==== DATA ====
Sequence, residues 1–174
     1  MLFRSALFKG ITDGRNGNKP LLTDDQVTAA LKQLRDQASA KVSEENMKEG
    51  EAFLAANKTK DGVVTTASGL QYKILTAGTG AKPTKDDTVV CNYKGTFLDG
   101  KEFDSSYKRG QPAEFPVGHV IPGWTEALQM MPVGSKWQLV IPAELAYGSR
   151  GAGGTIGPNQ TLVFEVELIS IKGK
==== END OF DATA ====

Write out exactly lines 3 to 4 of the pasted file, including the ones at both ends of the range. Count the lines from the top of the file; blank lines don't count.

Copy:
    51  EAFLAANKTK DGVVTTASGL QYKILTAGTG AKPTKDDTVV CNYKGTFLDG
   101  KEFDSSYKRG QPAEFPVGHV IPGWTEALQM MPVGSKWQLV IPAELAYGSR